I'm a political science Ph.D. candidate at Binghamton University. Broadly speaking, my research focuses on empirical legal studies and American political institutions. My dissertation, which I will defend this spring, investigates the iterative relationship between U.S. presidents and Supreme Court justices. Beyond my dissertation, my work addresses legal decision-making, Supreme Court legitimacy and public opinion, experimental methods, and the U.S. presidency. My doctrinal legal research centers on estates and trusts, and property law. My scholarship is forthcoming or has been published in Political Research Quarterly, The Oxford Handbook of American Law and the Judiciary, the Law & Politics Book Review, and the Real Property, Trust, and Estate Law Journal.
Originally from Rochester, New York, I moved to South Carolina for college. Shortly after receiving my BA in history, I moved to Florida and worked for two different corporations before I began law school. In 2011, I graduated from the Florida State University College of Law, with distinction. In May, 2014, I married my longtime girlfriend, Sara Anne, and we now live in Tallahassee, FL with our two dogs, Susie and Kennedy.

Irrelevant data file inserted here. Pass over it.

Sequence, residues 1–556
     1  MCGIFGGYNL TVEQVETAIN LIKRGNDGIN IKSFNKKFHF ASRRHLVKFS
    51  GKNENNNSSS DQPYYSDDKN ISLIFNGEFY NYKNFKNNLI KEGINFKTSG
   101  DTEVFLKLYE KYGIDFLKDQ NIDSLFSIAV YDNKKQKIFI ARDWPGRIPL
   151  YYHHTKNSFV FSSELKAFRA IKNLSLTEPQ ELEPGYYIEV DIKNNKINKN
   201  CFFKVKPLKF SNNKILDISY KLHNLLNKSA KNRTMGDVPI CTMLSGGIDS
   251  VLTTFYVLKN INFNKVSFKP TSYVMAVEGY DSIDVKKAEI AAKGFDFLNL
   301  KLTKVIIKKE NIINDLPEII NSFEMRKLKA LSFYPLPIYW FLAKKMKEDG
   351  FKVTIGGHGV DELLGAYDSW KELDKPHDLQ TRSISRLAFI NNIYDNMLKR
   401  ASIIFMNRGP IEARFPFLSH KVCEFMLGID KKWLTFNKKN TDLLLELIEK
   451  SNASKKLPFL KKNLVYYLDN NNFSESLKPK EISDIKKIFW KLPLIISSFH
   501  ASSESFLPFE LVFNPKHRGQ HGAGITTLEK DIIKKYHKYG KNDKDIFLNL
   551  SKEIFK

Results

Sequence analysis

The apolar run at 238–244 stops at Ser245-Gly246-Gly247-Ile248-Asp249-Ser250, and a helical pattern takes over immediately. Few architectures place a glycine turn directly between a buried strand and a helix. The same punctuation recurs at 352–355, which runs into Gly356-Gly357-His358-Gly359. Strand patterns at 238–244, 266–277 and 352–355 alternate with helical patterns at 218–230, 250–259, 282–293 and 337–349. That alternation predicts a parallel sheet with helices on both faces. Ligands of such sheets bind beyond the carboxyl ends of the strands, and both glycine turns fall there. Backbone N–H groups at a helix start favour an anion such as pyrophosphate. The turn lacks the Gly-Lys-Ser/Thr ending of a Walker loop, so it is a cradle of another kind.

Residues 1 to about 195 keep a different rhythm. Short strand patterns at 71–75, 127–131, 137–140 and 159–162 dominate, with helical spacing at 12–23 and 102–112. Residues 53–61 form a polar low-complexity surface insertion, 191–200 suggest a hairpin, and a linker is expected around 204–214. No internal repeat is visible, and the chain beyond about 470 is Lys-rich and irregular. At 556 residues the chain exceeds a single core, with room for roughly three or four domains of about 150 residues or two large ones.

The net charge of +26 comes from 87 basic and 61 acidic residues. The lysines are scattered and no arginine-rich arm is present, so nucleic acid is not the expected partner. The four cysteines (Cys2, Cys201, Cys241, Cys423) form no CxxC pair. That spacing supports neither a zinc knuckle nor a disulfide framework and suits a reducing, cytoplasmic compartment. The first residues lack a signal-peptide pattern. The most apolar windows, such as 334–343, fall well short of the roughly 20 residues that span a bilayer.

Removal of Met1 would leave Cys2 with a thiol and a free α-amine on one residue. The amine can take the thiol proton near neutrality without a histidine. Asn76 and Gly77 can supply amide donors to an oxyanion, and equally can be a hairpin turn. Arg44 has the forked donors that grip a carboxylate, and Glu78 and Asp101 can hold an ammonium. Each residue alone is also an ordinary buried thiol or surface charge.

"It is emphatically the province and duty of the judicial department to say what the law is. . . . This is the very essence of judicial duty."
-John Marshall, Marbury v. Madison (1803).
". . . we must never forget that it is a constitution we are expounding. . . . intended to endure for ages to come, and consequently, to be adapted to the various crises of human affairs."
-John Marshall, McCulloch v. Maryland (1819).
“Ambition must be made to counteract ambition. The interest of the man must be connected with the constitutional rights of the place. It may be a reflection on human nature that such devices should be necessary to control the abuses of government. What is government itself but the greatest of all reflections on human nature?”
-James Madison, Federalist no. 51 (1788)